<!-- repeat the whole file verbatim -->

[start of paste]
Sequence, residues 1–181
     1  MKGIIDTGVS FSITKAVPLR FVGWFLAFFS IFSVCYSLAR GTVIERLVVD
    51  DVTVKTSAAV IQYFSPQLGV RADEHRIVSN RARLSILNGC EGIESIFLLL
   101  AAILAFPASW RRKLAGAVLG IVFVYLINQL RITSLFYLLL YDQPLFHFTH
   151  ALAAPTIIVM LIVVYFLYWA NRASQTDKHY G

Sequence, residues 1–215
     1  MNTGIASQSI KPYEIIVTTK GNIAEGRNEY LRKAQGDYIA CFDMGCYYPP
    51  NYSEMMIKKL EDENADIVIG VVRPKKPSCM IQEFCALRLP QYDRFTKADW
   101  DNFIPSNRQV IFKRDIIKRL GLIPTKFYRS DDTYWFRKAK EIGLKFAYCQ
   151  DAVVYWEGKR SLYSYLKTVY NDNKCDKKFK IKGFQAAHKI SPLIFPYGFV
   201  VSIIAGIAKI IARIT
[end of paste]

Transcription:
Sequence, residues 1–181
     1  MKGIIDTGVS FSITKAVPLR FVGWFLAFFS IFSVCYSLAR GTVIERLVVD
    51  DVTVKTSAAV IQYFSPQLGV RADEHRIVSN RARLSILNGC EGIESIFLLL
   101  AAILAFPASW RRKLAGAVLG IVFVYLINQL RITSLFYLLL YDQPLFHFTH
   151  ALAAPTIIVM LIVVYFLYWA NRASQTDKHY G

Sequence, residues 1–215
     1  MNTGIASQSI KPYEIIVTTK GNIAEGRNEY LRKAQGDYIA CFDMGCYYPP
    51  NYSEMMIKKL EDENADIVIG VVRPKKPSCM IQEFCALRLP QYDRFTKADW
   101  DNFIPSNRQV IFKRDIIKRL GLIPTKFYRS DDTYWFRKAK EIGLKFAYCQ
   151  DAVVYWEGKR SLYSYLKTVY NDNKCDKKFK IKGFQAAHKI SPLIFPYGFV
   201  VSIIAGIAKI IARIT